Klobuchar, Warner introduce bill to limit foreign involvement in US political ads

Klobuchar, Warner introduce bill to limit foreign involvement in US political ads
© Greg Nash

Sens. Amy KlobucharAmy KlobucharDemocrats: A moment in history, use it wisely The Hill's Coronavirus Report: Rep. Rodney Davis says most important thing White House can do on COVID-19 is give consistent messaging; US new cases surpass 50k for first time The Hill's Coronavirus Report: Stagwell President Mark Penn says Trump is losing on fighting the virus; Fauci says U.S. 'going in the wrong direction' in fight against virus MORE (D-Minn.) and Mark WarnerMark Robert WarnerSenators press IRS chief on stimulus check pitfalls Hillicon Valley: Facebook takes down 'boogaloo' network after pressure | Election security measure pulled from Senate bill | FCC officially designating Huawei, ZTE as threats Overnight Defense: Democrats blast Trump handling of Russian bounty intel | Pentagon leaders set for House hearing July 9 | Trump moves forward with plan for Germany drawdown MORE (D-Va.) introduced legislation on Tuesday aimed at preventing foreign nationals from purchasing political advertisements, the latest move by Senate Democrats pushing for election security legislation.

The Preventing Adversaries Internationally from Disbursing Advertising Dollars (PAID AD) Act would amend federal campaign finance laws to ban foreign nationals from purchasing ads that name a political candidate and appear on broadcast, cable, satellite or digital platforms.

The legislation would also make it illegal for a foreign government to purchase “issue advertisements” during an election year.

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The senators argued that the Federal Election Campaign Act (FECA), first passed in 1972, should be expanded beyond its current “narrow” definition of what constitutes “electioneering communication.” The law currently prohibits a foreign national from contributing to political campaigns, making independent expenditures or buying electioneering communication, but the senators want it to go further.

“Our intelligence community has been clear—foreign powers continue to interfere in our elections and they’ll keep doing so unless we stop them,” Klobuchar said in a statement. “Strengthening our campaign finance laws to prohibit paid political advertisements by foreign nationals and foreign governments is necessary to ensure American elections are free and fair.”

Warner emphasized that “we need to get serious about protecting our elections from foreign interference,” describing the PAID AD Act as “commonsense.”

In the House, a companion bill has already been introduced by Reps. Elissa SlotkinElissa SlotkinWill Congress finally address toxic 'forever chemicals?' Overnight Defense: Trump's move to use military in US sparks backlash | Defense officials take heat | Air Force head calls Floyd's death 'a national tragedy' Democrats blast Trump's use of military against protests MORE (D-Mich.) and Elise StefanikElise Marie StefanikThe Hill's 12:30 Report: Fauci 'aspirationally hopeful' of a vaccine by winter Pentagon: 'No corroborating evidence' yet to validate troop bounty allegations Overnight Defense: Lawmakers demand answers on reported Russian bounties for US troops deaths in Afghanistan | Defense bill amendments target Germany withdrawal, Pentagon program giving weapons to police MORE (R-N.Y.) as an amendment to H.R. 1, the For the People Act.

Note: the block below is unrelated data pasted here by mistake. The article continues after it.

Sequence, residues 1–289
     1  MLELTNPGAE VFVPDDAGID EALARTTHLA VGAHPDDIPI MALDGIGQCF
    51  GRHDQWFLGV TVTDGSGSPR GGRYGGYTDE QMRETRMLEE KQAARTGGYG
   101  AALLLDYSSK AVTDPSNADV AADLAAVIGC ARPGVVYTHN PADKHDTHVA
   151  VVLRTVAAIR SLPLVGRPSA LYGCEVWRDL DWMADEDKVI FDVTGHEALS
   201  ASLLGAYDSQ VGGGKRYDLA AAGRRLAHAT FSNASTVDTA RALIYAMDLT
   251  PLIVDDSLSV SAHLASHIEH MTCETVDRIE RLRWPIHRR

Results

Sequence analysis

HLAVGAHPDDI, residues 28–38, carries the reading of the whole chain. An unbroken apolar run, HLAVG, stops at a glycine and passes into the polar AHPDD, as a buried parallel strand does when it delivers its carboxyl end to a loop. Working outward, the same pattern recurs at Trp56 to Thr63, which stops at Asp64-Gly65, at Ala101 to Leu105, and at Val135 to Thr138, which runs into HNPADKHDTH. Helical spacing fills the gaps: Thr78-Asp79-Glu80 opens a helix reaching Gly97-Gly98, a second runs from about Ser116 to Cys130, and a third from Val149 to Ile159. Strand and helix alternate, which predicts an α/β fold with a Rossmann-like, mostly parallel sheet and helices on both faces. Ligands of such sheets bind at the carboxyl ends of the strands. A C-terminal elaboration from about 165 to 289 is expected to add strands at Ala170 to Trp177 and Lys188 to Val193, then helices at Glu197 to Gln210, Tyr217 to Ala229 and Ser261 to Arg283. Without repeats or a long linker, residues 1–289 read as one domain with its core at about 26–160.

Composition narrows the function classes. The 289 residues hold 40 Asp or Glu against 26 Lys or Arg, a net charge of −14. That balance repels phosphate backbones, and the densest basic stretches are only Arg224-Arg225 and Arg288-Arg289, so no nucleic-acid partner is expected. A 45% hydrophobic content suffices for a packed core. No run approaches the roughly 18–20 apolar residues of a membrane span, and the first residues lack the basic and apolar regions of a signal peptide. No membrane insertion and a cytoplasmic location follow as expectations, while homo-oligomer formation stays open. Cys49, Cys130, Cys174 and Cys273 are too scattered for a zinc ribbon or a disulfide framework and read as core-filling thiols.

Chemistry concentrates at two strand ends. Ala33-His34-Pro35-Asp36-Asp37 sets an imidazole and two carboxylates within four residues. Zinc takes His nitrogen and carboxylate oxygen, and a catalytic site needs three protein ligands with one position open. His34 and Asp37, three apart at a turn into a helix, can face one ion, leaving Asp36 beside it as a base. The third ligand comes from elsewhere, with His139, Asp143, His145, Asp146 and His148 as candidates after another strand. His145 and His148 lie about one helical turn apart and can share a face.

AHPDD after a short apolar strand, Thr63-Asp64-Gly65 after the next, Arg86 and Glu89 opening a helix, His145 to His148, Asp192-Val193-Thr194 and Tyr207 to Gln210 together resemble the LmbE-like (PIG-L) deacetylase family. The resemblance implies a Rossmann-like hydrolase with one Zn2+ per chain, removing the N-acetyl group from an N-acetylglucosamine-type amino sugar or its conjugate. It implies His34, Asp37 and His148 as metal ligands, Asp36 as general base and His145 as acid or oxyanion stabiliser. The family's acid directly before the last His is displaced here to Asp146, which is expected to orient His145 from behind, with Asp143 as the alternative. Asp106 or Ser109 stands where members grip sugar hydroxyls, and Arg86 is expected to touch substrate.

The House passed this sweeping election security and reform bill along party lines in March, but the bill is unlikely to receive a vote in the Senate, where Senate Majority Leader Mitch McConnellAddison (Mitch) Mitchell McConnellPublic awareness campaigns will protect the public during COVID-19 Democrats: A moment in history, use it wisely 'Comrade' Trump gets 'endorsement' from Putin in new mock ad by Lincoln Project MORE (R-Ky.) labeled the bill the “Democrat Politician Protection Act.”

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The PAID AD Act is similar in some ways to another bill backed by both Klobuchar and Warner, the Honest Ads Act, which is meant to increase transparency of who buys online paid political ads.

Klobuchar and Warner have also been on the frontline of Senate Democrats’ efforts to pass election security legislation. Both Warner and Klobuchar have tried to force floor votes on other election security bills they sponsor during the last week, though both were blocked in these efforts by Senate Republicans.

McConnell has consistently refused to allow floor votes on election security measures, citing concerns around the potential for these bills to federalize elections.